6 Ways to Save Energy in Your Log Cabin

energy photo

You spend a lot of time up in your log cabin, and sometimes the energy bill is a shocker. Fortunately, there are several steps you can take to reduce that figure that require only minimal effort.


In general, turning off your lights is a fantastic way to save on the energy bill. However, there is one exemption to this rule, and you should check the lighting types of your log cabin. If you have CFL bulbs, leave them on if you’re going to be gone less than 15 minutes. These bulbs wear out very quickly if they’re constantly turned on and off. Also, if you’re not using energy-efficient bulbs, consider upgrading for even more savings.


Often, devices will continue to draw electricity while they’re turned off. These so-called energy vampires combined add up on your log cabin’s utility bill. Some of the biggest offenders are chargers and entertainment systems. To avoid energy vampires in your log home, plug them into power strips and turn those off when not in use.

Fill the Fridge

Refrigerators are a modern marvel. Unfortunately, they can consume so much of your log home’s energy. Since you’re not able to unplug this one, your first step is to use a thermometer to confirm it’s actually set at the correct temperature. Assuming it is, then your next step is to declutter and organize. An inefficiently organized fridge cause food to spoil faster since the air doesn’t circulate. Lastly, set up a twice-yearly coil cleaning schedule on your log cabin’s fridge.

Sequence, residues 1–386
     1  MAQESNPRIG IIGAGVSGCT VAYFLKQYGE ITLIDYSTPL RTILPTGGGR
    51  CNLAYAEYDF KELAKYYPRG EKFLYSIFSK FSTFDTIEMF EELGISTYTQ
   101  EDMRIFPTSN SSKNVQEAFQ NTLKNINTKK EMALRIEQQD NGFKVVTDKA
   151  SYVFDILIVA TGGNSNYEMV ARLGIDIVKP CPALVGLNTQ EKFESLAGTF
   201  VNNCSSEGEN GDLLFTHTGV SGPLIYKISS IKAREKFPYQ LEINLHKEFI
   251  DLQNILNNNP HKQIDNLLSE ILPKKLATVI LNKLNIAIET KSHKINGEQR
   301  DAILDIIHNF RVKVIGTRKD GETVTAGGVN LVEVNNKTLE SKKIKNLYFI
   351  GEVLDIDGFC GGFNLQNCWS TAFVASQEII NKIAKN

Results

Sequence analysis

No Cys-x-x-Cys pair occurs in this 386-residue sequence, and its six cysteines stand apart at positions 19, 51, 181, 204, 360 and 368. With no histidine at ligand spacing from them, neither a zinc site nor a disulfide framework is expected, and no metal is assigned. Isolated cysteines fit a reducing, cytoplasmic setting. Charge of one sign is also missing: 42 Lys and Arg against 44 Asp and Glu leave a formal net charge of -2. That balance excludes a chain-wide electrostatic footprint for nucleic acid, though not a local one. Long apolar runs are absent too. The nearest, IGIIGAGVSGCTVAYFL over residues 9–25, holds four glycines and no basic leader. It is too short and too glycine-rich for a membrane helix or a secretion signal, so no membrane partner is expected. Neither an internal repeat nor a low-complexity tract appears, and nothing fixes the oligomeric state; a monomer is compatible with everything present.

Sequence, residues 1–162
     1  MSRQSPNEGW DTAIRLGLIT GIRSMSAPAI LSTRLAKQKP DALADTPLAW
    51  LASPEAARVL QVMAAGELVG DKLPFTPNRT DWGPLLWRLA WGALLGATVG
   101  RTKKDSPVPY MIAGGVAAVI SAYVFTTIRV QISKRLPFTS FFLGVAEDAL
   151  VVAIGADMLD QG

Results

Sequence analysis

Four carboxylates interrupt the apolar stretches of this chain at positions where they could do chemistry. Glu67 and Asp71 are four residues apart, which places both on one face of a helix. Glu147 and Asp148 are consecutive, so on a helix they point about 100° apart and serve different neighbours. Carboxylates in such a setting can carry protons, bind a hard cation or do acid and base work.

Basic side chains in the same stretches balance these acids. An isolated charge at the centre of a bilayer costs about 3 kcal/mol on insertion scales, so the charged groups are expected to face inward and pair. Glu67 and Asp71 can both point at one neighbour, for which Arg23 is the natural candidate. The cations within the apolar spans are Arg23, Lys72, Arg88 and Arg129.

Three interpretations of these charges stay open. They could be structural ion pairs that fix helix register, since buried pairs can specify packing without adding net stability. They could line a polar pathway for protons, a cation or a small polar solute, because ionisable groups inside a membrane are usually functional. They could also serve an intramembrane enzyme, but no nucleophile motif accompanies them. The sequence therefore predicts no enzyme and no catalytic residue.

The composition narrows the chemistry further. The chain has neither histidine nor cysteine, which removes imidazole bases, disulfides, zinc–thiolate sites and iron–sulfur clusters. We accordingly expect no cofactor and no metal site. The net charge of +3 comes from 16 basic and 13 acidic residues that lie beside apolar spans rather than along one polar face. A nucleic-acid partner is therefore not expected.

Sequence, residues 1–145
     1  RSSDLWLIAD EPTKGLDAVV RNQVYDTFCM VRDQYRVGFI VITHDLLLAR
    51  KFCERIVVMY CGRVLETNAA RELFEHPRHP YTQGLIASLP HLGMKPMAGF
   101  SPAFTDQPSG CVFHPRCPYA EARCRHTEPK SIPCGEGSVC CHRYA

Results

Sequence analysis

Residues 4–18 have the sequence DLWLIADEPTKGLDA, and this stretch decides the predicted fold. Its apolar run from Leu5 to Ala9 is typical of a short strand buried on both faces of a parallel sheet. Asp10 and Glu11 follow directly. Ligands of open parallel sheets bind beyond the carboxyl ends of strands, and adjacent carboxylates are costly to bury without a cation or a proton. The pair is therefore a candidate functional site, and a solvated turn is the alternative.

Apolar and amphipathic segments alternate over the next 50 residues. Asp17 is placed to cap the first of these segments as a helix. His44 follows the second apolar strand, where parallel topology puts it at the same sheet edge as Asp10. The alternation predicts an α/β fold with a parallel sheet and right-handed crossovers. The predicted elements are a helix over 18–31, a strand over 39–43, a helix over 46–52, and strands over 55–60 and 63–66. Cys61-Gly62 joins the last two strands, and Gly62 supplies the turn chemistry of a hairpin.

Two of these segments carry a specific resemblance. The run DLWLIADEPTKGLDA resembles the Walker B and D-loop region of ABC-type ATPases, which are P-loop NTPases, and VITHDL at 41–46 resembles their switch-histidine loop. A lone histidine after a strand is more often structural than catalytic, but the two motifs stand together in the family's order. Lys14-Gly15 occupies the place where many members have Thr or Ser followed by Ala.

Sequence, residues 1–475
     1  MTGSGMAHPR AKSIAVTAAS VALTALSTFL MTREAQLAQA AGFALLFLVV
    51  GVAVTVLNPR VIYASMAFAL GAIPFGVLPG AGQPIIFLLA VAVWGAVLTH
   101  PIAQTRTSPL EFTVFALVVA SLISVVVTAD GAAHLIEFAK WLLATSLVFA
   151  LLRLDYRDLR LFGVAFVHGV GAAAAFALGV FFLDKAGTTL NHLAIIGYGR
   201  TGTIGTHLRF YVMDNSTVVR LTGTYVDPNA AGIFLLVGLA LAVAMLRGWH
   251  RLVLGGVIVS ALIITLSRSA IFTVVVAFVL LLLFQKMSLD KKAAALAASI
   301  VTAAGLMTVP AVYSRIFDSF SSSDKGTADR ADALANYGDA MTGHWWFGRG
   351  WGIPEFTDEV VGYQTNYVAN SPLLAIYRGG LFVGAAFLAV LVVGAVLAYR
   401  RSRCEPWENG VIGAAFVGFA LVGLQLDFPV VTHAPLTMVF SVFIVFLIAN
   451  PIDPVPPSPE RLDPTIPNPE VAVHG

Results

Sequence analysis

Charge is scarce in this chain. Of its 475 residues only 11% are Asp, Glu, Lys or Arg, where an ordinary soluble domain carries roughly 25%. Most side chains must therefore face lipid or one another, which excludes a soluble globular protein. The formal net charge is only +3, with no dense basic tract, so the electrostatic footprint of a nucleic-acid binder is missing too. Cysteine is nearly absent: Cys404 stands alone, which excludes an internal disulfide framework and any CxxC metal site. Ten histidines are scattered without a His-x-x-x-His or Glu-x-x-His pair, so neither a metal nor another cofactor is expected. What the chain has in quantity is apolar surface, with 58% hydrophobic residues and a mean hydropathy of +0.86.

Slow Cook

As the world pushes more towards instant gratification, you can save money by slowing down. Using a slow cooker more frequently in your log cabin lowers your energy bill. This is due to the efficiency of slow cookers, which use less energy to heat than an oven or stove does. As a bonus, you’ll have to spend less time in your log home’s kitchen.

Washing Out

Laundry is a significant energy user too. Fortunately, there are two things you can start doing to reduce the drain. First, consider washing all the clothes in your log cabin on cold. The wash cycle spends most of its energy heating water. Second, you should consider running a towel through the first part of the dry cycle with each load. This absorbs extra water, leasing to a decreased dry time. Even better, consider adding an outdoor clothesline to your log home and skipping drying altogether.


Many utility companies offer programs where you can save money by giving them control of your log cabin’s A/C unit. The company will cycle your unit off and on to better handle the electrical load on their grid. In exchange, you’ll get a bill discount. Typically, these programs allow the fan to continue to run, so you shouldn’t notice a measurable difference in temperature of your log home. These energy bill savings are definitely worth considering.

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